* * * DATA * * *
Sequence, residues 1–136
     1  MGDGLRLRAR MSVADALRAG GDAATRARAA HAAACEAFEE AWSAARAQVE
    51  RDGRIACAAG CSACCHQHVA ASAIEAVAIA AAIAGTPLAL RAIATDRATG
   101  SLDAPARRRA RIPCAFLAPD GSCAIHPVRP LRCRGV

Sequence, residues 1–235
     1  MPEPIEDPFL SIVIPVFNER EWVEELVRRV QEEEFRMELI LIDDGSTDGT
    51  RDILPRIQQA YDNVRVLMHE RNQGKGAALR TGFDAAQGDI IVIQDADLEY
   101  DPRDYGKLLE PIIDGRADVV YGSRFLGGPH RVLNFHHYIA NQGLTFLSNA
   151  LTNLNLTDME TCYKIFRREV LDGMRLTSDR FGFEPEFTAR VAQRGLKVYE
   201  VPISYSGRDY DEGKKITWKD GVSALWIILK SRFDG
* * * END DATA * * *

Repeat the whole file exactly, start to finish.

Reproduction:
Sequence, residues 1–136
     1  MGDGLRLRAR MSVADALRAG GDAATRARAA HAAACEAFEE AWSAARAQVE
    51  RDGRIACAAG CSACCHQHVA ASAIEAVAIA AAIAGTPLAL RAIATDRATG
   101  SLDAPARRRA RIPCAFLAPD GSCAIHPVRP LRCRGV

Sequence, residues 1–235
     1  MPEPIEDPFL SIVIPVFNER EWVEELVRRV QEEEFRMELI LIDDGSTDGT
    51  RDILPRIQQA YDNVRVLMHE RNQGKGAALR TGFDAAQGDI IVIQDADLEY
   101  DPRDYGKLLE PIIDGRADVV YGSRFLGGPH RVLNFHHYIA NQGLTFLSNA
   151  LTNLNLTDME TCYKIFRREV LDGMRLTSDR FGFEPEFTAR VAQRGLKVYE
   201  VPISYSGRDY DEGKKITWKD GVSALWIILK SRFDG